CFTC dismisses speculation on interests
The Competition and Fair Trading Commission (CFTC) says it has not yet come across credible information that necessitates an enforcement intervention with regard to alleged collusion in the banking industry.
While acknowledging that it has noted the uniform rates adopted by some commercial banks, the commission said it does not want to speculate on what has led to the convergence of the banks’ interest rates.
CFTC Executive Director, Wezi Malonda, was responding to our questions on the movements in the banking sector following a decision by the Reserve Bank of Malawi (RBM) to trim the policy rate from 18 to 16 percent.
“Suffice to say that uniformity of prices among competitors does not necessarily imply existence of price collusion. The CFTC is, however, aware of concerns regarding interest rates being very high in Malawi and call for the rates to be brought down for the economy to function efficiently.
“The CFTC is also aware that one way interest rates can be brought down in Malawi is through promotion of effective competition in the banking industry. This is why the CFTC is always keeping watch of developments in the industry,” Malonda said.
So far, National Bank of Malawi and Standard Bank Malawi have set their base lending rates at 23 percent from 25 percent while CDH Investment Bank has put its lending rate at 24.5 percent, effective this month.
Malonda said the commission is not only using enforcement to promote competition and compliance among players in the banking sector but also working with RBM to create awareness of relevant laws governing financial institutions.
“Last year, the CFTC and RBM launched an awareness and advocacy programme in the financial sector aimed at encouraging players in the sector to voluntarily comply with relevant laws, including the Competition and Fair Trading Act (CFTA).
“This is among the strategies that the CFTC will continue to apply to achieve compliance in the financial services sector,” Malonda said.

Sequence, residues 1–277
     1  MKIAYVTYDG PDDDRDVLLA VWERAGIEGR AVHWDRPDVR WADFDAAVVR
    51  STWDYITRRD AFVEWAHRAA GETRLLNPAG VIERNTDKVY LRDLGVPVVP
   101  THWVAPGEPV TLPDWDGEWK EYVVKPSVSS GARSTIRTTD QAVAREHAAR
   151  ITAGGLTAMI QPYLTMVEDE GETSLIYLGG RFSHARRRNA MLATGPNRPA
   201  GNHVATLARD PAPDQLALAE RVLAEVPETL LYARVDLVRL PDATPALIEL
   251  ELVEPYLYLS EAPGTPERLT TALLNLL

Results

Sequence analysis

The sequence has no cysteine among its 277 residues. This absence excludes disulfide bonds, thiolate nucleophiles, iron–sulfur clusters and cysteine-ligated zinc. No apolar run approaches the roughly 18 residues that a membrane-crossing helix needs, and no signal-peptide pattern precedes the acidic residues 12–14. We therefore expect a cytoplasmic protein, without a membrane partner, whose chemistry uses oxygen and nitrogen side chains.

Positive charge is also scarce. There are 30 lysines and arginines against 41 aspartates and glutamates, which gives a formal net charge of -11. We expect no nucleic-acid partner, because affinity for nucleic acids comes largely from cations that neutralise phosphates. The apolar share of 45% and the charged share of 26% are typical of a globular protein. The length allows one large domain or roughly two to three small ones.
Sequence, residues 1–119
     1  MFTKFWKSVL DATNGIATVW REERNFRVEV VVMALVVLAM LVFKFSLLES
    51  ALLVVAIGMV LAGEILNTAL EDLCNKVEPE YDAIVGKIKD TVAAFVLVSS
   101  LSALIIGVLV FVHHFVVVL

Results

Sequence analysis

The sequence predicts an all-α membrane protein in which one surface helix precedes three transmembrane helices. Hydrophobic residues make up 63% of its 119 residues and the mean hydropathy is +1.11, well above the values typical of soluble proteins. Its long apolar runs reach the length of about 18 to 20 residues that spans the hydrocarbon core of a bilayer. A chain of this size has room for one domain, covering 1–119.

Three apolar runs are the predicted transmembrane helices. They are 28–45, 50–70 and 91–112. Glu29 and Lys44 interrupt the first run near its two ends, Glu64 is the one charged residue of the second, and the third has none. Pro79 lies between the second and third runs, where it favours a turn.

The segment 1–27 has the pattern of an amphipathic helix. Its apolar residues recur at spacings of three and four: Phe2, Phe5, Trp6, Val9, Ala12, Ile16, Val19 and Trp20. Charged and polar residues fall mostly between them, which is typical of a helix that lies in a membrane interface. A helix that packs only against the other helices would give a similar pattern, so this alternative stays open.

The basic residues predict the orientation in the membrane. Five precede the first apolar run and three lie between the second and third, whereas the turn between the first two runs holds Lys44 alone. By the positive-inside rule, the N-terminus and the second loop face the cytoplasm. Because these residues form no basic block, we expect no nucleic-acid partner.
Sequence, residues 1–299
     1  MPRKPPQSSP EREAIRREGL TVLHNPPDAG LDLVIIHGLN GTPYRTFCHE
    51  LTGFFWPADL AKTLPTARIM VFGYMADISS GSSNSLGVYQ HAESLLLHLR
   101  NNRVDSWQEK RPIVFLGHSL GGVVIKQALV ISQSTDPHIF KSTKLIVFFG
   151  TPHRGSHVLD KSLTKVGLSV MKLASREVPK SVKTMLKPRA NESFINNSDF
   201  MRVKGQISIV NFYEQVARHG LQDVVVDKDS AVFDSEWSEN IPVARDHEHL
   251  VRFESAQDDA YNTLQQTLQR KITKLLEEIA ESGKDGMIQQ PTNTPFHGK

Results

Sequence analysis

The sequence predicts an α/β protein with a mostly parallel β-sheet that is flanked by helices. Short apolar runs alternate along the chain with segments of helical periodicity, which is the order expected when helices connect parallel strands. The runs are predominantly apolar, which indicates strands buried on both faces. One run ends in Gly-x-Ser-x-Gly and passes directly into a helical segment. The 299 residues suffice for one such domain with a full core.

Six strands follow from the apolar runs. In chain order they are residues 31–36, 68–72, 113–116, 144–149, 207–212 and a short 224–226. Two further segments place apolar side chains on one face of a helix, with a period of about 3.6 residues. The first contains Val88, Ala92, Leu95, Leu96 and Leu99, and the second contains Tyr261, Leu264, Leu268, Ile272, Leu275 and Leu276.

President of the Bankers Association of Malawi (Bam), Paul Guta, earlier said it is not surprising that most banks delayed to review their lending rates as the country joined the rest of the world to observe Christmas and New Year celebrations.
Guta further dismissed claims that banks are colluding when setting interest rates, insisting that there is always independence when setting the rates.
In a separate interview, RBM Director, Communications and Protocol, Mbane Ngwira, said, while setting a time limit in which banks are to respond to monetary policy decisions made by the central bank rates may be desirable for borrowers, such a decision may not bring similar advantages to other stakeholders such as depositors, the payment system and the nationally agreed growth strategy.
But entrepreneur and former President of the Malawi Confederation of Chambers of Commerce and Industry, Newton Kambala, expressed concern over the way RBM is regulating financial services.
Kambala said there is need for all the players to work together to drive growth, where everyone benefits.
High interest rates have been cited as one of the major reasons making the business environment prohibitive and a disincentive to foreign direct investment.